Norman Rockwell Paintings to be exhibited at Phillips Southampton

“An Audience of One,” by Norman Rockwell. Courtesy Phillips.

This fall, Phillips is offering two works by Norman Rockwell from the Miller-Boyett Collection in the “Evening Sale of 20th Century & Contemporary Art” on December 7. Known for their roles as producers in creating iconic TV shows such as “Happy Days,” “Mork & Mindy,” “Laverne & Shirley,” “Bosom Buddies,” “Family Matters” and “Full House,” Thomas Miller and Robert Boyett also amassed an impressive collection of American art during their 40 years of partnership.

Norman Rockwell’s works “An Audience of One,” estimated at $2.5 to $3.5 million, and “The Peephole,” estimated at $1 million to $1.5 million, have both been in the Miller-Boyett Collection since 1999. They will be on view at Phillips Southampton through October 25.

“Norman Rockwell, Thomas Miller and Robert Boyett are all great storytellers. As Rockwell did with his paintings, Mr. Miller and Mr. Boyett are responsible for helping to define 20th century American life through their numerous hit television shows,” said Elizabeth Goldberg, Phillip’s deputy chairwoman and senior international specialist, American art. “All of these artists helped shape the idea of the American experience, while also reflecting the changing times. It seems only natural that they would have assembled such a remarkable collection of works by Rockwell, whose masterfully cinematic paintings continue to attract collectors around the world.”

Robert Boyett added, “Norman Rockwell has always been a part of my life — as a child, I would go through my grandmother’s collection of Rockwell’s Saturday Evening Post covers and, to this day, I can still recall most of them. I then spent years with Tom collecting his artworks and, today, I live near Rockwell’s home and museum. In each episode of our television shows, we made sure to have characters make some form of human connection. Rockwell did the very same with the subjects and the viewers of his pictures.”

“An Audience of One” was created as a story illustration for the December 1938 issue of Ladies’ Home Journal and depicts two children experiencing a range of emotions before meeting Santa Claus. In keeping with his tradition of painting those he knew, the models for this work were likely Rockwell’s own wife, Mary, and sons, Thomas and Peter. “An Audience of One” exemplifies Rockwell’s ability to convey an entire narrative through just a single frame. The composition is unique and evocative of cinema — a “reaction shot,” that chooses not to show the main event itself but rather the responses of others, placing the viewer within the scene.

‘The Peephole,” by Norman Rockwell. Courtesy Phillips.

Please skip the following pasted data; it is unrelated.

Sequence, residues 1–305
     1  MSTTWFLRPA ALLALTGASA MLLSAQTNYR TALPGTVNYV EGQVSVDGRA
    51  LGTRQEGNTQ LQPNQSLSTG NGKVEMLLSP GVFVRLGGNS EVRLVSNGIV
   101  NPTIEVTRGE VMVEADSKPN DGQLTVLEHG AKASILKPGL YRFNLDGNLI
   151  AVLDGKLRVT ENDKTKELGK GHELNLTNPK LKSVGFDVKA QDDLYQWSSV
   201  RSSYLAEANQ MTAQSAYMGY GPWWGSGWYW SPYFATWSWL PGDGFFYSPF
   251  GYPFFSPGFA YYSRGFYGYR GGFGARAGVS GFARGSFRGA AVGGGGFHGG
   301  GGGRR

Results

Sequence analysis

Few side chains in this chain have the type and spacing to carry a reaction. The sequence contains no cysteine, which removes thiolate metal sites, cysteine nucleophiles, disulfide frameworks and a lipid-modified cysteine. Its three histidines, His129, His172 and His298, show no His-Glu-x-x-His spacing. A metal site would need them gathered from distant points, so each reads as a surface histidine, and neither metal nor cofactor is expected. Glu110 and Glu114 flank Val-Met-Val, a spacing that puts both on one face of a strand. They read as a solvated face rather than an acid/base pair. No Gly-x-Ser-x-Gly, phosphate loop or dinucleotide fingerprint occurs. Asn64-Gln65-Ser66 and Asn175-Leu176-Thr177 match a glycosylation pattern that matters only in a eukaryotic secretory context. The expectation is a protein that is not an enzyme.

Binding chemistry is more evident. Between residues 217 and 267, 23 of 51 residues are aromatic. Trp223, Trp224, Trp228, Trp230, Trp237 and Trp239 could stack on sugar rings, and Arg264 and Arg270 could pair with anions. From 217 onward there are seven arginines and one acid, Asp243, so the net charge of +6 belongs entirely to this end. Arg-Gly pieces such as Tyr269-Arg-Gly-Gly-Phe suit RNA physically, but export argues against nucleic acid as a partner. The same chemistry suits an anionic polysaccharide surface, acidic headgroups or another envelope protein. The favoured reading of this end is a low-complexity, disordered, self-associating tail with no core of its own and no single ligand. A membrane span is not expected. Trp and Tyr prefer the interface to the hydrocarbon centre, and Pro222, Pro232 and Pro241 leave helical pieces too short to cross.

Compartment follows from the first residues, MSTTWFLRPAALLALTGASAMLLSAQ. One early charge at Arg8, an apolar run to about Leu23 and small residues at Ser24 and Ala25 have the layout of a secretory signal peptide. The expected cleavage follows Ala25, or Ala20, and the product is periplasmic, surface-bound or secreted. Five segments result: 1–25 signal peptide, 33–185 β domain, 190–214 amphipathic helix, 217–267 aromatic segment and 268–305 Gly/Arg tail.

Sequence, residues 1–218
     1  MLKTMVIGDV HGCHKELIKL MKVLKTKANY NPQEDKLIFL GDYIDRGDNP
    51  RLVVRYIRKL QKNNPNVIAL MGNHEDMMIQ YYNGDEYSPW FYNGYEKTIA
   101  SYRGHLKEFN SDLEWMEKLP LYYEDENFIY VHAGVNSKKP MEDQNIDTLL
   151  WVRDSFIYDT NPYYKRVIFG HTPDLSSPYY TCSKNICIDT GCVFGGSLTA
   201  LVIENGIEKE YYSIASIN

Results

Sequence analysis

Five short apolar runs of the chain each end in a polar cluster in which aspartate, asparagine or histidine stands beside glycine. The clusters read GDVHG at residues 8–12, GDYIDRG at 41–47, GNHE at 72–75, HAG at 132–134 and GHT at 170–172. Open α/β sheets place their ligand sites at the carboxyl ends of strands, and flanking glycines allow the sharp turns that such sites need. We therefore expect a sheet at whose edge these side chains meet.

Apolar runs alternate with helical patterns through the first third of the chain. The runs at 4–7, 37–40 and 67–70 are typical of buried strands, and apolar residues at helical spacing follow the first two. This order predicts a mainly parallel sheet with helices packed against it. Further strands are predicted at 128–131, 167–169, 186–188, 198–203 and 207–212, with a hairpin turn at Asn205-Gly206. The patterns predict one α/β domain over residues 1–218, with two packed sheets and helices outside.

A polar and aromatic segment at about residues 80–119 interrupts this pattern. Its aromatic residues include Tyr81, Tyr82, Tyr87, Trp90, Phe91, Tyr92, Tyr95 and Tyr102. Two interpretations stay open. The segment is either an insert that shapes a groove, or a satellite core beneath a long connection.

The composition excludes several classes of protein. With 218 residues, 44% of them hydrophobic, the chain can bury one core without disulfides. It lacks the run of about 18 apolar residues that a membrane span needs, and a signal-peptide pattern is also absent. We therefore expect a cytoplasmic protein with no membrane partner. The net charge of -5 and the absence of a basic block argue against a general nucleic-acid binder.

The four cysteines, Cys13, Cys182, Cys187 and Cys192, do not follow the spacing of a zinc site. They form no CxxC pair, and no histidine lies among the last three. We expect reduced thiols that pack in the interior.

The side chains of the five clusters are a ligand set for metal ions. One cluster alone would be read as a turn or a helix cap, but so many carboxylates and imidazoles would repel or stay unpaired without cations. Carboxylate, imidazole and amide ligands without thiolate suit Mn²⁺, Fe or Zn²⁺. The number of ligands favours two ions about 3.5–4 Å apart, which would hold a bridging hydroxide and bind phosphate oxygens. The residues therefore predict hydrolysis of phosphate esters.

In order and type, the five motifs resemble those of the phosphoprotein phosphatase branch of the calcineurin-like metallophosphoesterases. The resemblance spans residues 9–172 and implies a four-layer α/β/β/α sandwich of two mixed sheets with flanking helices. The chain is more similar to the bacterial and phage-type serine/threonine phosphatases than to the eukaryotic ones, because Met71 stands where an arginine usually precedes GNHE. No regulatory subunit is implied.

With baseball serving as a recurring theme in Rockwell’s oeuvre for over 50 years, “The Peephole” depicts a pitcher winding up, as seen from an unconventional yet immediately recognizable point-of-view — through a knothole in a wooden fence, positioning the viewer as an eager fan covertly watching a baseball game. “The Peephole” graced the cover of the August 30, 1958 issue of The Saturday Evening Post at the apex of the magazine’s success, when its circulation reached almost 7 million, and after Rockwell had become a household name. It was created during what is regarded as the pinnacle of Rockwell’s career and in the same decade that he painted a remarkable 41 covers for The Post — some of which are today recognized as his most renowned and iconic covers.

“An Audience of One” and “The Peephole” are quintessential works by Rockwell, both capturing a picture-perfect moment in time, yet painted with meticulous detail. Both works show Rockwell’s remarkable skill as a painter — “An Audience of One” reveals his unique ability to render textures and surfaces in brilliant color, while “The Peephole” displays Rockwell’s love of art history and trompe l’oil, where the fence appears as real — if not more real — than the wooden panel it is painted on. Both works play with the idea of looking — not just what is happening in front of us, but what’s beyond what we see as well.

In addition to being art collectors, Miller and Boyett led storied careers in the entertainment industry, across Broadway, television, and the silver screen. In creating some of the most popular TV shows of the last 50 years, they brought several actors to the fore, making the likes of Tom Hanks and Robin Williams household names. Among their full-length feature successes, the duo produced the 1982 film “The Best Little Whorehouse in Texas,” starring Dolly Parton and Burt Reynolds. And in recent years, they turned to Broadway, producing the Tony Award-winning “War Horse” and Tony-nominated “Tootsie.” All the while, they fostered a mutual appreciation for American Art, acquiring an exceptional group of works.

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